A man has been killed after an articulated lorry was blown off a bridge amid high winds in Londonderry.
A crane was used the remove the lorry
The lorry fell more than 100ft from the Foyle Bridge onto mudflats.
Witnesses said it was caught by a gust of wind and blown through a barrier at the side of the bridge, which was later closed to all vehicles.
Emergency services were called about 1400 GMT on Tuesday but the driver was pronounced dead at the scene. A crane was used to remove the lorry.
Fire crews said it was a very difficult operation removing the lorry from the mudflats with debris falling from the bridge above.
The Roads Service said it been monitoring wind speeds on the bridge at the time of the incident.
A spokesman said: "If the average wind speed is over 50 mph, Roads Service consults the PSNI about the closure of the bridge.
"Roads Service was monitoring the wind speeds prior to the accident and they had not reached a level that would normally cause it to consult with the PSNI."
A lorry was overturned near the Faughan Bridge
High winds were also being blamed for another incident close to Londonderry involving a lorry near Faughan Bridge on the main Limavady road.
Police said the lorry was blown across the road into oncoming traffic before overturning on to the hard shoulder.
The lorry collided with a car. The driver of the car was not seriously hurt but the lorry driver was taken to hospital with leg and arm injuries.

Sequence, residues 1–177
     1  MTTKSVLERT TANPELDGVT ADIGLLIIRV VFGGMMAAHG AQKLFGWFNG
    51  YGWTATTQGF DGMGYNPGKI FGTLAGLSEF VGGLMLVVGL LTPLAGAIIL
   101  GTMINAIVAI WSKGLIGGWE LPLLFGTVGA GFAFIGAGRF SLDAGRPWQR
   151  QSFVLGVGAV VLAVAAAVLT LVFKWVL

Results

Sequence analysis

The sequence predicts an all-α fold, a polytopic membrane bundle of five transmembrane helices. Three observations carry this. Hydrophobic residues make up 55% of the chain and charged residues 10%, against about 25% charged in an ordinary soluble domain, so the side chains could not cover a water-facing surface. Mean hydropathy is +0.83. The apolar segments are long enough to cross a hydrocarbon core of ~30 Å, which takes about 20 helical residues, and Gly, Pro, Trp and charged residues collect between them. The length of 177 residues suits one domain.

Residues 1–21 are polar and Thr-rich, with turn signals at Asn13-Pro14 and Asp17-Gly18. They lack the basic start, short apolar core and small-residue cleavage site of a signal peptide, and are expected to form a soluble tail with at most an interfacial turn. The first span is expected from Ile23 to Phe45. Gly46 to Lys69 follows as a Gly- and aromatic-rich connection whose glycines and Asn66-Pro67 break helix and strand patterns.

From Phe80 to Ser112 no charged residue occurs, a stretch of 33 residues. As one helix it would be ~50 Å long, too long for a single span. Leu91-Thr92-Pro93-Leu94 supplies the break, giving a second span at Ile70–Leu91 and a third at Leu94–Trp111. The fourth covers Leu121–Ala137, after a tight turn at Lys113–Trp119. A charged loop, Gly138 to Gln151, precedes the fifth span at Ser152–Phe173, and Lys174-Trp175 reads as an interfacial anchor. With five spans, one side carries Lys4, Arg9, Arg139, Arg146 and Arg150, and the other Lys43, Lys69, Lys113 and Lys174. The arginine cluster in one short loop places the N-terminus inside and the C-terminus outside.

Across Northern Ireland severe gales damaged buildings and brought down power lines.
Hampered by winds
About 35,000 customers suffered power cuts throughout Tuesday and about 4,000 homes remained without power at 2230 GMT, Northern Ireland Electricity (NIE) said.
It said the worst affected areas were Ballyclare, Craigavon, Omagh and Dungannon.
More than 900 engineers and lines staff are out dealing with faults but NIE said their job was hampered by the winds.
In some areas it was too dangerous to carry out repair work, the company said.
Winds also caused problems for firefighters in County Down.
The Down coast was lashed by the storm
A blaze at the Oak Grill restaurant in Castlewellan spread to neighbouring buildings.
Aidan McGuinness from the fire brigade said that, at one point, 80 firefighters were at the scene.
He said: "Because of the high winds the fire spread very rapidly indeed.
"This made it quite dangerous for the firefighters to fight the fire.
"Very quickly the roof burned through and collapsed into the building which left the building an outer shell."
The weather also led to flooding on some coastal roads and many ferry crossings were cancelled.
Other roads were blocked by fallen trees and debris from buildings.